In the diagram above, we can get a feel for the chip’s layout. The difference over the GTX 1080 is that the Ti includes two additional GPC clusters with four SMs inside each (versus five in others). NVIDIA’s Quadro P6000, which we took a look at last month, features six identical GPCs with 5 SMs in each, giving it 3840 CUDA cores. Despite those additional cores, the clock speeds are kept a bit more modest, which means the Ti could still come out ahead in overall performance. Not that the two cards are comparable, of course, but it is worthy of note that NVIDIA does have room for even more cores under that silvery shroud.
Speaking of such comparisons, but not including the aforementioned P6000, here’s another specs look at the Ti in comparison to the other top-end GPUs in NVIDIA’s Pascal gaming lineup:
|TITAN X (Pascal)||GeForce GTX 1080 Ti||GeForce GTX 1080|
|Memory Bandwidth||480 GB/s||484 GB/s||320 GB/s|
|Single Precision||~10.1 TFLOPS||~10.6 TFLOPS||~8.2 TFLOPS|
It goes without saying that the GTX 1080 Ti is the better value against the TITAN X, but that’ll come as a surprise to no one. Heck, it’s not just the prospective TITAN X buyers who stand to gain by waiting for the GTX 1080 Ti – those who’ve held off on the GTX 1080 can now enjoy it for $150 less.
Before diving into performance, here’s a quick overview of what to expect from any one of NVIDIA’s current GPUs:
|GeForce GTX 1080 Ti||Overkill||Overkill||Excellent||Great|
|GeForce GTX 1080||Overkill||Excellent||Great||Good|
|GeForce GTX 1070||Excellent||Great||Good||Poor|
|GeForce GTX 1060||Great||Good||Poor||Poor|
|GeForce GTX 1050 Ti||Good||Poor||Poor||Poor|
|GeForce GTX 1050||Poor||Poor||Poor||Poor|
Six months ago, I had put the GTX 1080 as an “Excellent” ultrawide card, but with some of the recent releases really proving quite demanding, I dropped it to “Great” to be safe. The GTX 1080 Ti replaces that card with Excellent performance at 3440×1440, and Great at 4K.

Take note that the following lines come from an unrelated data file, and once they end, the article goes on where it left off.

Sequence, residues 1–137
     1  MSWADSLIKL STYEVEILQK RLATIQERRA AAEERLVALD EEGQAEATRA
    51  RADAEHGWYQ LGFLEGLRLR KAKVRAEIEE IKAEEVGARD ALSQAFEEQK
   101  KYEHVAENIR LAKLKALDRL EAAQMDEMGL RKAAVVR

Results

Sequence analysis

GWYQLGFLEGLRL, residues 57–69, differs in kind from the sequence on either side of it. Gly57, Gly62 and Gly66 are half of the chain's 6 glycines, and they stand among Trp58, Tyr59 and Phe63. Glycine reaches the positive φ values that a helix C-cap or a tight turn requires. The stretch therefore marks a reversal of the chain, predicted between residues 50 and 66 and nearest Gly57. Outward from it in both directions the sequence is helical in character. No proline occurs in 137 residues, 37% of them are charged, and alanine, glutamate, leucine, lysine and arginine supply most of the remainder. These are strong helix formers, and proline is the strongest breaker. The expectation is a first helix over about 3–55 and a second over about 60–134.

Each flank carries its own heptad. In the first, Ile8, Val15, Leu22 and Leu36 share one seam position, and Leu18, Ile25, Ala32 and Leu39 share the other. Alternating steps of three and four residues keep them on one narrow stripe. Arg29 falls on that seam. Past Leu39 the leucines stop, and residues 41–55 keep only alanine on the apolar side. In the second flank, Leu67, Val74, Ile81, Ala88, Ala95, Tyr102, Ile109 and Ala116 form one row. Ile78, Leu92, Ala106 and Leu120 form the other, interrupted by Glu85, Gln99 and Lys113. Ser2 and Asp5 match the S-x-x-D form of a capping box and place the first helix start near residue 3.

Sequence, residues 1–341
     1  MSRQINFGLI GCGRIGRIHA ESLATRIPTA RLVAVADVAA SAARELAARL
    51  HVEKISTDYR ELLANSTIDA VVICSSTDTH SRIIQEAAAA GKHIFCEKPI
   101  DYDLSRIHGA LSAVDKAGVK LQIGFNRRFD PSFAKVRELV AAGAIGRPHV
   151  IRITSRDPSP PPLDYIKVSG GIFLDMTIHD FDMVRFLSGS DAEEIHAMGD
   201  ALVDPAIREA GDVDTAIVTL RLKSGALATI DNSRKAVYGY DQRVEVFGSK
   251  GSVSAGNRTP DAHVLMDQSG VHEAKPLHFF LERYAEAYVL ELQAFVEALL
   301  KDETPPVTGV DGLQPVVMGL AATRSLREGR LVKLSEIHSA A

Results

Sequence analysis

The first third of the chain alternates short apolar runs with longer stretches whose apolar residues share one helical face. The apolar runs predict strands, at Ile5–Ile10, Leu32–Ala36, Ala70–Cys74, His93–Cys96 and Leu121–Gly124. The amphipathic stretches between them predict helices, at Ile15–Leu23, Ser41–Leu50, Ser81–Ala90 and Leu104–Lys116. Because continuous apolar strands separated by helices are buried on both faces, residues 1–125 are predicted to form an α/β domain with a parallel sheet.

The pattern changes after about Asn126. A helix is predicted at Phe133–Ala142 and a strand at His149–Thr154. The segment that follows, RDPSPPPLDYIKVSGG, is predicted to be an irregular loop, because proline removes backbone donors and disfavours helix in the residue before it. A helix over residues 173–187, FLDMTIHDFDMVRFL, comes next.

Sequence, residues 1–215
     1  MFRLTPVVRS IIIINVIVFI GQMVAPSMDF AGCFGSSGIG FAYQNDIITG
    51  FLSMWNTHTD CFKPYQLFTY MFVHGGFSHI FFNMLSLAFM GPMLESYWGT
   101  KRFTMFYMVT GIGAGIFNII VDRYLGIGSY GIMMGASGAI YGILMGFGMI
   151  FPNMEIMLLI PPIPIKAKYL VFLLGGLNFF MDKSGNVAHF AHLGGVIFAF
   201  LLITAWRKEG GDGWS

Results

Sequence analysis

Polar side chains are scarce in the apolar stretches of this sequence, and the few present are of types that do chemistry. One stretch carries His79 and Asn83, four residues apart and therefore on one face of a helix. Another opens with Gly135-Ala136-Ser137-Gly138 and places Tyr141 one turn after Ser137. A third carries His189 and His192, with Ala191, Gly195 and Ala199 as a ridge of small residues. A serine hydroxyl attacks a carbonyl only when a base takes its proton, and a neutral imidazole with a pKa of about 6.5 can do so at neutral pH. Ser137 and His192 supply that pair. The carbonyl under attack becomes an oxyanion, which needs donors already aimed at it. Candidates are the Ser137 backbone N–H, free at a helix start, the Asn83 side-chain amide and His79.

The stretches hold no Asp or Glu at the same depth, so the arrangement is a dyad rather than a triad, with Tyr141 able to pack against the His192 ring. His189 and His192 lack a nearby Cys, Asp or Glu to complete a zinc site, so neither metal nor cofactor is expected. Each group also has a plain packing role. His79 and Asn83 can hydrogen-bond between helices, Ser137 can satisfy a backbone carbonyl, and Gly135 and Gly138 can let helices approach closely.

When we need to build a test PC for performance testing, “no bottleneck” is the name of the game. While we admit that few of our readers are going to be equipped with an Intel 8-core processor clocked to 4GHz, we opt for it to make sure our GPU testing is as apples-to-apples as possible, with as little variation as possible. Ultimately, the only thing that matters here is the performance from the GPUs, so the more we can rule out a bottleneck, the better.
That all said, our test PC:
Framerate information for all tests – with the exception of certain time demos and DirectX 12 tests – are recorded with the help of Fraps. For tests where Fraps use is not ideal, I use the game’s built-in test (the only option for DX12 titles right now). In the past, I’ve tweaked the Windows OS as much as possible to rule out test variations, but over time, such optimizations have proven pointless. As a result, the Windows 10 installation I use is about as stock as possible, with minor modifications to suit personal preferences.
In all, I use 9 different games for regular game testing, and 3 for DirectX 12 testing. That’s in addition to the use of three synthetic benchmarks. Because some games are sponsored, the list below helps oust potential bias in our testing.
(AMD) – Ashes of the Singularity (DirectX 12)
(AMD) – Battlefield 4
(AMD) – Crysis 3
(AMD) – Hitman (DirectX 12)
(NVIDIA) – Metro: Last Light Redux
(NVIDIA) – Rise Of The Tomb Raider (incl. DirectX 12)
(NVIDIA) – The Witcher 3: Wild Hunt
(Neutral) – DOOM
(Neutral) – Grand Theft Auto V
(Neutral) – Total War: ATTILA
If you’re interested in benchmarking your own configuration to compare to our results, you can download this file (10MB) and make sure you’re using the exact same graphics settings. I’ll lightly explain how I benchmark each test before I get into each game’s performance results.